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Re: st: proper use of aweight
Austin Nichols <firstname.lastname@example.org>
Re: st: proper use of aweight
Fri, 20 Apr 2012 12:45:10 -0400
Carlianne Patrick <email@example.com> :
I think the [U] 20.18 text is aimed at people who use [aw] for survey
data, without robust variance estimation, and thereby dramatically
understate p-values and overreject null hypotheses. If you use [aw]
and appropriate variance estimation, you should be fine.
By the way:
My parenthetical attack on the use of plural "codes" to mean lines of
code is not directed at you, but at the increase in such incorrect
usage that will eventually make it correct, by the unfortunate
property of language that a plurality rules. Any longtime Statalister
who is sensitive to English usage will know what I mean about the
increasing use of "codes" to mean "code" (rather than distinct codes
for ID or ICD or what have you).
On Fri, Apr 20, 2012 at 12:22 PM, Carlianne Patrick
> Thank you for the help and apologize for incorrectly using "posted code". I was referring to the supplemental .do files available online for several (non-STATA) journal articles. After reading the STATA reference manual [U] 20.18, it seemed aweight should only be used with mean data. The section states that: "There is a history of misusing such weights. A researcher does not have cell mean data, but instead has . . ." I didn't know if using it in the situations described was part of the history of misuse. However, it sounds like aweight is more flexible.
> Thank you for the article on propensity score weighting. It helped clear up some other issues!
> Best, Carlianne
> Carlianne Patrick, CEcD
> PhD Candidate
> Department of Agricultural, Environmental, and Development Economics
> The Ohio State University
> From: firstname.lastname@example.org [email@example.com] on behalf of Austin Nichols [firstname.lastname@example.org]
> Sent: Friday, April 20, 2012 11:07 AM
> To: email@example.com
> Subject: Re: st: proper use of aweight
> Carlianne Patrick <firstname.lastname@example.org>:
> I cannot speak to whether unreferenced "posted codes" (presumably, a
> contraction of "posted code snippets" that sounds terrible to native
> English speakers who also program, since code is a mass noun here) are
> correct in their use, but aweights are of very general use. Their use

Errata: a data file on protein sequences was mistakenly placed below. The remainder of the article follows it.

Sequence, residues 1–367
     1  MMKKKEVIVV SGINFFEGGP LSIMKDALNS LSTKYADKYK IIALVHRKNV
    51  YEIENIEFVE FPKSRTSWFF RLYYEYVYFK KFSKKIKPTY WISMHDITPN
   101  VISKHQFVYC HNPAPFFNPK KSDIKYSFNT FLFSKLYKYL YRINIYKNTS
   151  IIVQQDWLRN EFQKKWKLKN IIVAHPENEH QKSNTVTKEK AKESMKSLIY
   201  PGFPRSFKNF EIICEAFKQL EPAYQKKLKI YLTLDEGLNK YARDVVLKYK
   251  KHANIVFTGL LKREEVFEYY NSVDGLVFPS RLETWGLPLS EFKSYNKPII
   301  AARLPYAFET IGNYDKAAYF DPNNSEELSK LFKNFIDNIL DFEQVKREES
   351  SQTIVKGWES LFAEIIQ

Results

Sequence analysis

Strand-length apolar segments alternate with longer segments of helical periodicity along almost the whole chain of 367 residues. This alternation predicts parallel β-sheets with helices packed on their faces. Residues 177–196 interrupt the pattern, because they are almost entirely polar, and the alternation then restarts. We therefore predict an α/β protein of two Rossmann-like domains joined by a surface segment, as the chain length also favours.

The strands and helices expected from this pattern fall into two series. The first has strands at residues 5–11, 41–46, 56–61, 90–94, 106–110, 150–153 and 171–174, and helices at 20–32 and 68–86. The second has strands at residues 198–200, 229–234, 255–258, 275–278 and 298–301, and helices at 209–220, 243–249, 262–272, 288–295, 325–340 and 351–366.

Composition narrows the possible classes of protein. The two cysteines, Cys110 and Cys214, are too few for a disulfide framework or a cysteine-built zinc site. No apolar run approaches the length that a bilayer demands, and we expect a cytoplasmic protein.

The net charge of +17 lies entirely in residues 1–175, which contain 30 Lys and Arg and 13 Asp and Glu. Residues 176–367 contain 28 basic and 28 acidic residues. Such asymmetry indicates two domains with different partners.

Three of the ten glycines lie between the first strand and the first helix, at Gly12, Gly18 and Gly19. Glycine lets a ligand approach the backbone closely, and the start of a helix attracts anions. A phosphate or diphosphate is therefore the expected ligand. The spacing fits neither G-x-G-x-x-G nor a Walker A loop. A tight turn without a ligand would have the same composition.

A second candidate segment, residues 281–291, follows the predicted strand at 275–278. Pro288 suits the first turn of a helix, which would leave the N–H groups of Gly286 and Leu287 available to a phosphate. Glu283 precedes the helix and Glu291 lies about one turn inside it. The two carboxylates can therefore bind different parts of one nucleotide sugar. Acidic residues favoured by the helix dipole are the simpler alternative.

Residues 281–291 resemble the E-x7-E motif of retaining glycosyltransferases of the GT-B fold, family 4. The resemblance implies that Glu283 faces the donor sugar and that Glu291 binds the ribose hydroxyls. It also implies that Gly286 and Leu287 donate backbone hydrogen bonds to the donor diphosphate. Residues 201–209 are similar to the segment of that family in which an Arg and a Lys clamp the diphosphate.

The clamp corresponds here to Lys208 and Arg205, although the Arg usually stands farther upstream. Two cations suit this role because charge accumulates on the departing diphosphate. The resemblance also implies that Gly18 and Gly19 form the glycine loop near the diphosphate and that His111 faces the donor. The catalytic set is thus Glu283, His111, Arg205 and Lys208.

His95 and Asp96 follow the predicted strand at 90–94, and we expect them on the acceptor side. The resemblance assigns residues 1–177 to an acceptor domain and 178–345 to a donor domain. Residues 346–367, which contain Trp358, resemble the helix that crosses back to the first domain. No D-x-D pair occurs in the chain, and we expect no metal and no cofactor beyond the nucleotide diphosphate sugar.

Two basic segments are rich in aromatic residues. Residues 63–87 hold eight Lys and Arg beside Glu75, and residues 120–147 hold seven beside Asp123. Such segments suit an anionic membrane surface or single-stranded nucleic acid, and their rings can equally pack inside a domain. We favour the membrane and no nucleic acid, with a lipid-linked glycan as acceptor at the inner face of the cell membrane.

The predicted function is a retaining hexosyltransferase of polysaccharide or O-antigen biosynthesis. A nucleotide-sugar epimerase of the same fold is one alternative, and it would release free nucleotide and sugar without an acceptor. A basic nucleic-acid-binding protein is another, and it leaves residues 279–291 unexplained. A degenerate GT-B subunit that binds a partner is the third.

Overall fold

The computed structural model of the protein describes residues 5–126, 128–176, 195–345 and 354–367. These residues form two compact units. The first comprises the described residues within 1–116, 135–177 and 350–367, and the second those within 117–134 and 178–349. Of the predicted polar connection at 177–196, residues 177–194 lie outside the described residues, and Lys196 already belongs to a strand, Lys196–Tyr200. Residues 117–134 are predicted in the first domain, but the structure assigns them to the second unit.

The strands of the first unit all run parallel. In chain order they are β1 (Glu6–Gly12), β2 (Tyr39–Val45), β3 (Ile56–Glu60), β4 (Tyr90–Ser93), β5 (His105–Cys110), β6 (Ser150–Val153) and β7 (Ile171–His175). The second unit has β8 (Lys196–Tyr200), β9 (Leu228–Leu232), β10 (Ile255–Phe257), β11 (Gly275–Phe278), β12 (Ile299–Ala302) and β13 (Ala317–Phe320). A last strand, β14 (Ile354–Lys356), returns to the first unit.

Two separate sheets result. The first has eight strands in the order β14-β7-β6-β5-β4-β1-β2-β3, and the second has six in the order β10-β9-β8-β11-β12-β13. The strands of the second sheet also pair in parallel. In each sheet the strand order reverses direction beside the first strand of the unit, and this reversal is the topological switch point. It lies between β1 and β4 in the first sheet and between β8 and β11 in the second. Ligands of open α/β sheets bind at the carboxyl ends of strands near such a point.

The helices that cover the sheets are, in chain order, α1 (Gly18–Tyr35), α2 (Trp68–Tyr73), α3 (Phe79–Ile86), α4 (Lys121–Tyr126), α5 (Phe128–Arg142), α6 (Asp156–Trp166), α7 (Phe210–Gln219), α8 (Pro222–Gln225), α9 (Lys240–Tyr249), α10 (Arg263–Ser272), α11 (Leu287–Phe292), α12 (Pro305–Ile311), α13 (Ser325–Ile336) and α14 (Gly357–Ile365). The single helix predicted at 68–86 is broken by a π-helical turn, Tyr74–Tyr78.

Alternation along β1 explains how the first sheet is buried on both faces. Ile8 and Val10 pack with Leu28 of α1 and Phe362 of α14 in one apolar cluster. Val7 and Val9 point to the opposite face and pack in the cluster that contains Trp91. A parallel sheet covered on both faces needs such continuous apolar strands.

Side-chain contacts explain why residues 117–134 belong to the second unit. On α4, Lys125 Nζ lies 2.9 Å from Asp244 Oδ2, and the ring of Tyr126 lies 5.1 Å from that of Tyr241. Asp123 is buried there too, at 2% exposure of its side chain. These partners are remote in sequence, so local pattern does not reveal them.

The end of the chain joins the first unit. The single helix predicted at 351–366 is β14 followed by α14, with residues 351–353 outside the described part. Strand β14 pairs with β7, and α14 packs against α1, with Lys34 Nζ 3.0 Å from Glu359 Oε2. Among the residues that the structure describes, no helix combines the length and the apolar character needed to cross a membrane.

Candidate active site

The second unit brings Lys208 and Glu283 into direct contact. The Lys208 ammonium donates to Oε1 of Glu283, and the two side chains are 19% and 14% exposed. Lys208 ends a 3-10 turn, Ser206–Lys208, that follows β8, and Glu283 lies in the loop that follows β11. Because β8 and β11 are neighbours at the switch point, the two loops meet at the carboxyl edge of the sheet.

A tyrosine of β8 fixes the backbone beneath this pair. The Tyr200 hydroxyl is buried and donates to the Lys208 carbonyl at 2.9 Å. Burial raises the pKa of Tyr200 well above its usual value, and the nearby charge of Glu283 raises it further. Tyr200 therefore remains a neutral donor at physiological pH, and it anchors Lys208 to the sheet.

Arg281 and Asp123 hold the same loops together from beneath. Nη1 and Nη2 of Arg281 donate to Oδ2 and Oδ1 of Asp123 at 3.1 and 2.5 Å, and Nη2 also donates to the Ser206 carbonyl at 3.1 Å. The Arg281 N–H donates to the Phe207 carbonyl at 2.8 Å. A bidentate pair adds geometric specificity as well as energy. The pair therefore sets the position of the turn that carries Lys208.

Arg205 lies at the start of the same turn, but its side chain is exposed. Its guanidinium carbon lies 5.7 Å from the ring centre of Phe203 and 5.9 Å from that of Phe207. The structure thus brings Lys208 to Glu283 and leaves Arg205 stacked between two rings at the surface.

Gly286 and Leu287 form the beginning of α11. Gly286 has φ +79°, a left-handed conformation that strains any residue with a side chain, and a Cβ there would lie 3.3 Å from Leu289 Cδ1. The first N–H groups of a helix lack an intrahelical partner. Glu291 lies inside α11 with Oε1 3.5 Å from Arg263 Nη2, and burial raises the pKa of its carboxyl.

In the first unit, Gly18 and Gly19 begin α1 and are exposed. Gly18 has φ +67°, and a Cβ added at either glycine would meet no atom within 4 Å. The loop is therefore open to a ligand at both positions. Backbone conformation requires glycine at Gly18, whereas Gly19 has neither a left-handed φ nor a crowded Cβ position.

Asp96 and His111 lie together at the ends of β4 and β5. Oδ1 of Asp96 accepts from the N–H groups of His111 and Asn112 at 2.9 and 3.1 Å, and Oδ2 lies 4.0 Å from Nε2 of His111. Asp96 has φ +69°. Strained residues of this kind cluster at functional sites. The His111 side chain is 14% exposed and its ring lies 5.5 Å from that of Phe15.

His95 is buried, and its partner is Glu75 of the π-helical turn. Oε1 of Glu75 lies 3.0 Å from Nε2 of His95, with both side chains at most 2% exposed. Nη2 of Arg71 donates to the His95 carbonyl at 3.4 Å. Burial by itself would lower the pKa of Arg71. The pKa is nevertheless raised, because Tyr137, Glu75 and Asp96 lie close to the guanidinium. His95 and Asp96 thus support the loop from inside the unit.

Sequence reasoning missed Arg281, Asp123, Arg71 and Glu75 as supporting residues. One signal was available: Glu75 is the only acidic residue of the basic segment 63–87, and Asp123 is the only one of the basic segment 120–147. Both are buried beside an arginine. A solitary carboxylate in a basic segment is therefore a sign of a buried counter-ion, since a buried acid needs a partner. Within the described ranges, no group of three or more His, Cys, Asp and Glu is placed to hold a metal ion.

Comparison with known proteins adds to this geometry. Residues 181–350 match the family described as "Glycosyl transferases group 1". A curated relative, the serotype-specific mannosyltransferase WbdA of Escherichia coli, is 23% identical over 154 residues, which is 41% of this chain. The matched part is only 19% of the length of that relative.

> gives the same point estimates as other weights, fweights and
> pweights, but does not inflate the overall sample size as does the use
> of fweights, nor impose robust variance estimation as does the use of
> pweights. If you are unsure about how to do correct inference, in
> many cases you may well be better off bootstrapping and using aweights
> in each bootstrap resample. Unless you are matching; the bootstrap is
> inappropriate for matching.
> See also http://www.stata-journal.com/sjpdf.html?articlenum=st0136_1
> On Thu, Apr 19, 2012 at 6:21 PM, Carlianne Patrick
> <email@example.com> wrote:
>> I am new to STATAlist, so please excuse any posting faux pas I may make in my initial posting(s). Also, thank you in advance for any help.
>> I am using STATA11.2; however, my question is regarding the posted code from some published papers (and thus I don't know which version they were using). I would like to use the techniques in these papers for my analysis, but am concerned that the code isn't doing what the papers say it is doing.
>> After reading the available STATA documentation on aweight, it appears that this particular weighting option is really only suitable when the observations are means of underlying data. However, in the posted codes it is used to accomplish one of two things:
>> 1) Weight the data with lagged values of the dependent variable.
>> 2) Weight "matches" by the inverse of their number or log odds ratio (specifically, in situations where multiple untreated observations are "matched" to one treated observation).
>> I may misunderstand what aweights is doing. If not, then it appears that it is not the appropriate weighting option command to accomplish (1) or (2) if you are weighting by the log odds ratio. It seems appropriate only if you have already taken the average of the matches. Then, the average of the matches could by weighted by their number and the treated observation weighted by 1.
>> Is this the correct interpretation?
>> If it isn't, is there a reference that might help me understand why aweight is appropriate in these situations?
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